• Consciousness as a problem in the Psychology of Behavior, essay, 1925
  • Educational Psychology, 1926
  • Historical meaning of the crisis in Psychology, 1927
  • The Problem of the Cultural Development of the Child, essay 1929
  • The Fundamental Problems of Defectology, article 1929
  • The Socialist alteration of Man, 1930
  • Ape, Primitive Man, and Child: Essays in the History of Behaviour. A. R. Luria and L. S. Vygotsky. 1930
  • Paedology of the Adolescent, 1931
  • Play and its role in the Mental development of the Child, essay 1933
  • Thinking and Speech, 1934
  • Tool and symbol in child development, 1934
  • Mind in Society: The Development of Higher Psychological Processes, 1978
  • Thought and Language, 1986
  • The Collected Works of L. S. Vygotsky, 1987 overview

See also


Further reading


  • Kozulin, A. (1990). Vygotsky's Psychology: A Biography of Ideas. Cambridge, MA: Harvard University Press.
  • Van der Veer, R., & Valsiner, J. (1991). Understanding Vygotsky. A quest for synthesis. Oxford: Basil Blackwell.
  • Van der Veer, R., & Valsiner, J. (Eds.) (1994). The Vygotsky Reader. Oxford: Blackwell.
  • Vygodskaya, G. L., & Lifanova, T. M. (1996/1999). Lev Semenovich Vygotsky, Journal of Russian and East European Psychology, Part 1, 37 (2), 3-90; Part 2, 37 (3), 3-90; Part 3, 37 (4), 3-93, Part 4, 37 (5), 3-99.
  • Yasnitsky, A. (2010). 10.2753/RPO1061-0405480100
  • Yasnitsky, A. (2011). Lev Vygotsky: Philologist and Defectologist, A Socio-intellectual Biography. In Pickren, W., Dewsbury, D., & Wertheimer, M. (Eds.). Portraits of Pioneers in Developmental Psychology, vol. VII.
  • van der Veer, R. & Yasnitsky, A. (2011). pdf
  • Yasnitsky, A. (2012). Revisionist Revolution in Vygotskian Science: Toward Cultural-Historical Gestalt Psychology. Guest Editor’s Introduction. Journal of Russian and East European Psychology, 50(4), 3-15. DOI: 10.2753/RPO1061-0405500400
  • Léon Miffre, *To form with Vygotstki. Psychology of the activity of teacher in situation, May 2013, [2]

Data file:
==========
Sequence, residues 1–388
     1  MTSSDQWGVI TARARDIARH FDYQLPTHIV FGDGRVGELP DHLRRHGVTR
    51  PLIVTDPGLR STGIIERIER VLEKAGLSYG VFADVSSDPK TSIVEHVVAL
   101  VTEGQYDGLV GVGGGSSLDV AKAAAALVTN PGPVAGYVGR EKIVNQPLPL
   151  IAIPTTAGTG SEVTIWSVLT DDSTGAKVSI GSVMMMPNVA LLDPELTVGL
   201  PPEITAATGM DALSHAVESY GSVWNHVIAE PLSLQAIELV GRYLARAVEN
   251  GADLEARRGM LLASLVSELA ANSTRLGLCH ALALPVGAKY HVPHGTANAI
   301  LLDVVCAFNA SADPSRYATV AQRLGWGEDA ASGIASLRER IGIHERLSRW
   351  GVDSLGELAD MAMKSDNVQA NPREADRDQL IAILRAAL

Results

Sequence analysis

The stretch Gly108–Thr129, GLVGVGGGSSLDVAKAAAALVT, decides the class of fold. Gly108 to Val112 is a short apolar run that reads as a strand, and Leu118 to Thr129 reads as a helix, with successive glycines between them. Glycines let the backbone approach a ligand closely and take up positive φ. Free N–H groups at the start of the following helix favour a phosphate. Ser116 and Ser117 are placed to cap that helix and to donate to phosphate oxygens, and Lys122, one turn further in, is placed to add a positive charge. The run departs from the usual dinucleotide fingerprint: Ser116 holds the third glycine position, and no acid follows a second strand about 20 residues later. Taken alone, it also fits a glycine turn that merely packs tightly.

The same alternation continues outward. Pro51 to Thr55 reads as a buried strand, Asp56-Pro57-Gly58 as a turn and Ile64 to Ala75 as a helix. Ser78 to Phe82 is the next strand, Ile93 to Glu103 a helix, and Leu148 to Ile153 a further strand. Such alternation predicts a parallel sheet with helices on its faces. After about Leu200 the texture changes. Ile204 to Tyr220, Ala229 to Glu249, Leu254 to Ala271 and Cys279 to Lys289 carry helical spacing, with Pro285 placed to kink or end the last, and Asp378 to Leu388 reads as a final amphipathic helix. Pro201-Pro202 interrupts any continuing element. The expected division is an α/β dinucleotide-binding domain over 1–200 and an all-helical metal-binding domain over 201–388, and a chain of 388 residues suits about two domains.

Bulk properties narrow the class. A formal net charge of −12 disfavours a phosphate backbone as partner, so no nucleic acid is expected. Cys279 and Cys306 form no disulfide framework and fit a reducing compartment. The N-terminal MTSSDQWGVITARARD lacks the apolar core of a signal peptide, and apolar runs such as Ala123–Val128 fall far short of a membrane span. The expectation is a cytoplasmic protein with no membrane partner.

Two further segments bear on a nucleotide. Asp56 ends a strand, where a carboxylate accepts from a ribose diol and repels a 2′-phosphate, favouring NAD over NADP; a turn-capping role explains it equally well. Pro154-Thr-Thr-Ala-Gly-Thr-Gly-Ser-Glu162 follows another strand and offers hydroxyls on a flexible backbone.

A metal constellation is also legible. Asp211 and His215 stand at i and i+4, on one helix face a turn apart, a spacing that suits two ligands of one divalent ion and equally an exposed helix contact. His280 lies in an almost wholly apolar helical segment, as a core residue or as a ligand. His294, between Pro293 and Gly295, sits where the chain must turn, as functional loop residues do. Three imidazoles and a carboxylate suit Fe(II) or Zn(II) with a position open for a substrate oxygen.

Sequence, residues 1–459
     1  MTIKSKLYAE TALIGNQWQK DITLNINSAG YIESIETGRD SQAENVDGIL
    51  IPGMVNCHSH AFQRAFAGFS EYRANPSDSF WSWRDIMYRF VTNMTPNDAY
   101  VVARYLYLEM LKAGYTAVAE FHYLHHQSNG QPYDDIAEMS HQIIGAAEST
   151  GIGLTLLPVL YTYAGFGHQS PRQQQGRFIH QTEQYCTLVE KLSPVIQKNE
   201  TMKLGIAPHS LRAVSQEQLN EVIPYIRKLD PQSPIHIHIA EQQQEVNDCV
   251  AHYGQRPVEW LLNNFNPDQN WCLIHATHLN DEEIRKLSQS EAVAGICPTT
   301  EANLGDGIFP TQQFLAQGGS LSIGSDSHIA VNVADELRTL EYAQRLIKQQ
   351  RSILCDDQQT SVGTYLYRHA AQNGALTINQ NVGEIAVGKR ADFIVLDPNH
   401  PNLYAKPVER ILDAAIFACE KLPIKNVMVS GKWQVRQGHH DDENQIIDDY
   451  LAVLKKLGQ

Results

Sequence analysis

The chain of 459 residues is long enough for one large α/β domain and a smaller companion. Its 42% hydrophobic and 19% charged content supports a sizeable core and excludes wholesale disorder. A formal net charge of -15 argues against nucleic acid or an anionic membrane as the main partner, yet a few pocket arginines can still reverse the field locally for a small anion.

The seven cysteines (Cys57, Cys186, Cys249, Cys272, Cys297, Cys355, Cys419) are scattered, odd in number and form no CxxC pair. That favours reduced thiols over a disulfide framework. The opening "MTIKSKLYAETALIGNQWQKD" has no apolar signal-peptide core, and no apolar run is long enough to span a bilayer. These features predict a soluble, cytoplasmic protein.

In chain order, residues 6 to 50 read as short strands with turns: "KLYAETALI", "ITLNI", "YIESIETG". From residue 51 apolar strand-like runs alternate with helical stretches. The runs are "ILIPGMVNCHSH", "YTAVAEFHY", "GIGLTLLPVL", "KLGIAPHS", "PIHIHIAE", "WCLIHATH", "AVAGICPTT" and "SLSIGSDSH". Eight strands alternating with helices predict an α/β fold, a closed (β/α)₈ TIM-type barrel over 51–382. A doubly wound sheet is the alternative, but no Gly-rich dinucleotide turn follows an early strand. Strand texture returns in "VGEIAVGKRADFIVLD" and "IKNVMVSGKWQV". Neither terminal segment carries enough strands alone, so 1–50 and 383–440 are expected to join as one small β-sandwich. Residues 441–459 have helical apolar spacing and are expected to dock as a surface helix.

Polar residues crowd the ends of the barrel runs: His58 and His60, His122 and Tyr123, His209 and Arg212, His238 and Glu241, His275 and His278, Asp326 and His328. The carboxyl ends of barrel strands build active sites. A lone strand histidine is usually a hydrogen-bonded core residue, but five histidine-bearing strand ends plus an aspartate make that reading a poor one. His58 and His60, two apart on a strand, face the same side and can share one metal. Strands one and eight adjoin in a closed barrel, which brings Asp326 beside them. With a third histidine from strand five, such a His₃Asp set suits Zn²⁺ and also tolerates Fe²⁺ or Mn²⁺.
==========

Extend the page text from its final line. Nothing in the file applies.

• Daniels, H. (Ed.) (1996). An Introduction to Vygotsky, London: Routledge.
  • Veresov, N. N. (1999). Undiscovered Vygotsky: Etudes on the pre-history of cultural-historical psychology. New York: Peter Lang.
  • Daniels, H., Wertsch, J. & Cole, M. (Eds.) (2007). The Cambridge Companion to Vygotsky.
  • Yasnitsky, A. (2011).
  • Yasnitsky, A. (2011). 4(4)

External links

  • Lev Vygotsky archive, all major works
  • The Vygotsky Project Summaries of, and links to, Vygotsky articles.
  • The Mozart of Psychology Vygotsky article with extensive references.
  • Dorothy "Dot" Robbins Vygotsky memorial site with many papers and resources.
  • XMCA Research Paper Archive Various articles on Vygotskian psychology
  • Garai, L. Another crisis in the psychology: A possible motive for the Vygotsky-boom
  • Garai, L. Vygotskian implications: On the meaning and its brain
  • York University
  • L. Miffre, To form with Vygotstki. Psychology of the activity of teacher in situation, Presses Universitaires de Bordeaux, May 2013, [3].

This article was sourced from Creative Commons Attribution-ShareAlike License; additional terms may apply. World Heritage Encyclopedia content is assembled from numerous content providers, Open Access Publishing, and in compliance with The Fair Access to Science and Technology Research Act (FASTR), Wikimedia Foundation, Inc., Public Library of Science, The Encyclopedia of Life, Open Book Publishers (OBP), PubMed, U.S. National Library of Medicine, National Center for Biotechnology Information, U.S. National Library of Medicine, National Institutes of Health (NIH), U.S. Department of Health & Human Services, and, which sources content from all federal, state, local, tribal, and territorial government publication portals (.gov, .mil, .edu). Funding for and content contributors is made possible from the U.S. Congress, E-Government Act of 2002.
Crowd sourced content that is contributed to World Heritage Encyclopedia is peer reviewed and edited by our editorial staff to ensure quality scholarly research articles.
By using this site, you agree to the Terms of Use and Privacy Policy. World Heritage Encyclopedia™ is a registered trademark of the World Public Library Association, a non-profit organization.

Copyright © World Library Foundation. All rights reserved. eBooks from World eBook Library are sponsored by the World Library Foundation,
a 501c(4) Member's Support Non-Profit Organization, and is NOT affiliated with any governmental agency or department.